Terrisca Des Jardins, MHSA ’00, is now the executive director of the Center for Health and Research Transformation (CHRT), an independent nonprofit at the University of Michigan. Prior to joining CHRT, Des Jardins was chief operating officer for the Physician Organization of Michigan Accountable Care Organization.
Sandra (Reyes) Ray, MPH ’01, worked as a contractor at the CDC’s quarantine station at O’Hare International Airport in Chicago as part of their COVID-19 and Ebola response teams. Ray’s role consisted of active surveillance, compliance screening, and health education in the international terminal.
Eboni (Thompson) Buchanan, MHSA ’13, joined Woman’s Hospital Baton Rouge as vice president of Physician Services. She is responsible for the strategic direction and growth of Woman’s physician practices and the continued advancement of clinical services. Buchanan, a Baton Rouge native who was born at Woman’s Hospital, comes to Woman’s from MedStar Health in Washington, D.C., where she served as Senior Director of Women’s and Infants’ Services. She has a wealth of experience, primarily in leading clinical operations and strategy for sub-specialties in health systems across the Washington, D.C., metropolitan area. Buchanan is passionate about the opportunity to help improve the health of women and infants in her home state.
Rylee Doucette, MPH ’19, is a third-year medical student at the University of Wisconsin School of Medicine and Public Health. She uses her public health skills and training regularly to promote health literacy and public hygiene. She recently helped design a health education and health behavior curriculum for a rural orphanage in Thailand and hopes to travel there after the pandemic to support its implementation.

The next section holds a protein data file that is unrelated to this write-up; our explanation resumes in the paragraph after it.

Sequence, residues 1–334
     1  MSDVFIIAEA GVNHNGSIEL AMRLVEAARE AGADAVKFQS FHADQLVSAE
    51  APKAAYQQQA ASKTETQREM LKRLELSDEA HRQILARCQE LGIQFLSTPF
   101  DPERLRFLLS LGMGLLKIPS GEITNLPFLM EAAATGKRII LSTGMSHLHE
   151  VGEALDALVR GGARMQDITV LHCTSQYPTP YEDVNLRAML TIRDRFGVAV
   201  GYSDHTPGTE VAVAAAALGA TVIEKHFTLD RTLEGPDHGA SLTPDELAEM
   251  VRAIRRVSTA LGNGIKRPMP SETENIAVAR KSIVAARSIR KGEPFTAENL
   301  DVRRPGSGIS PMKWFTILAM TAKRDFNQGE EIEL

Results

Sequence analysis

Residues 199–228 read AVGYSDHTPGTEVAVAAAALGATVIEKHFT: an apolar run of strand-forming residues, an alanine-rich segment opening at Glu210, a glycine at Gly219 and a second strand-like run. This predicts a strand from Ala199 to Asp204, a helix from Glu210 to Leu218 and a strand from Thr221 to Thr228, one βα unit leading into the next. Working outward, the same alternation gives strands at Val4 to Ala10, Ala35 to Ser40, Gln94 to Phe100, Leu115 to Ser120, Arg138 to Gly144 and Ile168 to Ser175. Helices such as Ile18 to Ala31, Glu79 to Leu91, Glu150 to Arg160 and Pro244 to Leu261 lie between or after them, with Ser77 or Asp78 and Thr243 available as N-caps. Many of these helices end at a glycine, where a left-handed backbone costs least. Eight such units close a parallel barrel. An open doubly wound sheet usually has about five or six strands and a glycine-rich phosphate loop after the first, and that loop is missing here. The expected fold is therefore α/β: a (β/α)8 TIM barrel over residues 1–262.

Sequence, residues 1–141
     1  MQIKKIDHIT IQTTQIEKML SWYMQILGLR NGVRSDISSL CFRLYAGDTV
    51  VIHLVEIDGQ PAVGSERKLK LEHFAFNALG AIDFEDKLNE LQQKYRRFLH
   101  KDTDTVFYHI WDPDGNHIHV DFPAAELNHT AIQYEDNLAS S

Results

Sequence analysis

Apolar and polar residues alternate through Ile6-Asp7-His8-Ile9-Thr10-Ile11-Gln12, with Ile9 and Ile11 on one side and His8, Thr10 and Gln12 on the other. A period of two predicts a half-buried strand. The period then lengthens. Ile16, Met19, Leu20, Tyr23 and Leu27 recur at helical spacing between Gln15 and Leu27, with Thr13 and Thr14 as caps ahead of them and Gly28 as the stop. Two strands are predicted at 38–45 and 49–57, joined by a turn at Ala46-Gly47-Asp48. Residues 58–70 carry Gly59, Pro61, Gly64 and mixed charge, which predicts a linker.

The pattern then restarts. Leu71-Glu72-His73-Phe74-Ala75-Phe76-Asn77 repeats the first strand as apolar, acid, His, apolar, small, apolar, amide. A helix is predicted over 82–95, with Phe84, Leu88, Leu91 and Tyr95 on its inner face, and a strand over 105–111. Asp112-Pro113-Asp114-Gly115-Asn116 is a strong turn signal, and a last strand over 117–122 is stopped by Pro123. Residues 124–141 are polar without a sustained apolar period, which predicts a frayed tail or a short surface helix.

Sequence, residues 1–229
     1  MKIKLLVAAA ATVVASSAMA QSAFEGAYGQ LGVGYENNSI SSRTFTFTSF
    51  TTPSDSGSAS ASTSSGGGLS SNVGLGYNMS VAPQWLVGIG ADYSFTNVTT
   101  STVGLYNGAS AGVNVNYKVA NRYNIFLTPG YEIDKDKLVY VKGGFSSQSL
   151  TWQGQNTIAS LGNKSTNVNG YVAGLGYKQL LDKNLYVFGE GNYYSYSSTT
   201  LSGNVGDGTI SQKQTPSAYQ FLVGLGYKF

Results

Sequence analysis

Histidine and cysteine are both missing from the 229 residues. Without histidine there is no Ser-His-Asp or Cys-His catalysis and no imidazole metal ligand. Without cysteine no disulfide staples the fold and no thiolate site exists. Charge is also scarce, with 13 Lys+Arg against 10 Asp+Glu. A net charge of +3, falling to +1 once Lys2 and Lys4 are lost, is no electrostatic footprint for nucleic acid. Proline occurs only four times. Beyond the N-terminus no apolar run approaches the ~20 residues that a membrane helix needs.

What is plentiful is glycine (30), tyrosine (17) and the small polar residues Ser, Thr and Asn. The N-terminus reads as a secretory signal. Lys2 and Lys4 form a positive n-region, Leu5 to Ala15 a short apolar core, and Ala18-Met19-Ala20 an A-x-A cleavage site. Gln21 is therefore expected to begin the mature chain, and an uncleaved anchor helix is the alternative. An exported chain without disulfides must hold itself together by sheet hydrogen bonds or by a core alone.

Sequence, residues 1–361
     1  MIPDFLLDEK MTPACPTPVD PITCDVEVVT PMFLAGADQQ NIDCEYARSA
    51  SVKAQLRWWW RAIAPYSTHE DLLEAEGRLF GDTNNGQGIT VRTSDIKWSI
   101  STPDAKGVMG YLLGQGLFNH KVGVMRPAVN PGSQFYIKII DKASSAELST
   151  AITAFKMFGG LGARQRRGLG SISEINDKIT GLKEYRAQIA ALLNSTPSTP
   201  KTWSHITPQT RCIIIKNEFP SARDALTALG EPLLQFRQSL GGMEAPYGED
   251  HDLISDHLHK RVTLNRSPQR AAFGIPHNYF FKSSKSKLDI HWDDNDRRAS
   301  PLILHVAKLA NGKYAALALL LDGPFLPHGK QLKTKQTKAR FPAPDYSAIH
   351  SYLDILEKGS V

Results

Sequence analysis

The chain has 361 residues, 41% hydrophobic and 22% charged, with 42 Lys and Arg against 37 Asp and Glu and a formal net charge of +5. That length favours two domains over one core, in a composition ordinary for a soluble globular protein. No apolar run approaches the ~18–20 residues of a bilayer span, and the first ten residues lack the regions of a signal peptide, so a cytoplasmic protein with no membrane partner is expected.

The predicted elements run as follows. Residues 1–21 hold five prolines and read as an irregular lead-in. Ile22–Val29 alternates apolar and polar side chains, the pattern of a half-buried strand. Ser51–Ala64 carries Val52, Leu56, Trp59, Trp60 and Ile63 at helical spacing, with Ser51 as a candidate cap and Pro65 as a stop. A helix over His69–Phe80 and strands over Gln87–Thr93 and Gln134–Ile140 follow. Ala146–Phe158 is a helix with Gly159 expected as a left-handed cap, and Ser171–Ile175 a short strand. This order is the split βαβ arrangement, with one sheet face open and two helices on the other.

Dany Zemmel, MPH ’20, is the training and engagement manager for the Region V Public Health Training Center in Ann Arbor, where she leads the development and implementation of the center’s trainings—including webinars and podcasts—and supports student field placement activities.
Keep in Touch
We love hearing from alumni! Did you recently have a baby? Finish your first marathon? Share life changes, job updates, and accomplishments of all kinds. Send photos if you like—especially if they feature Michigan Public Health gear. Most submissions are published as class notes in an upcoming issue of Findings.
We also love it when alumni share great news about other alumni. On the Class Notes page, you can now submit a Shout Out to tell us about other Michigan Public Health alumni doing great things in public health, giving of their time, talents, and passion to the public good, or otherwise living out the school’s mission of pursuing a healthier, more equitable world for all. publichealth.umich.edu/classnotes
Update your contact info at leadersandbest. umich.edu/alumni_update. Or indicate changes on the address label and mail to the address on the back cover. Interested in sharing your knowledge and experience with current students and fellow alumni? Join Michigan Public Health Connect—the School of Public Health’s online mentoring and networking platform—to have meaningful conversations, answer questions, and offer advice. publichealth.umich.edu/connect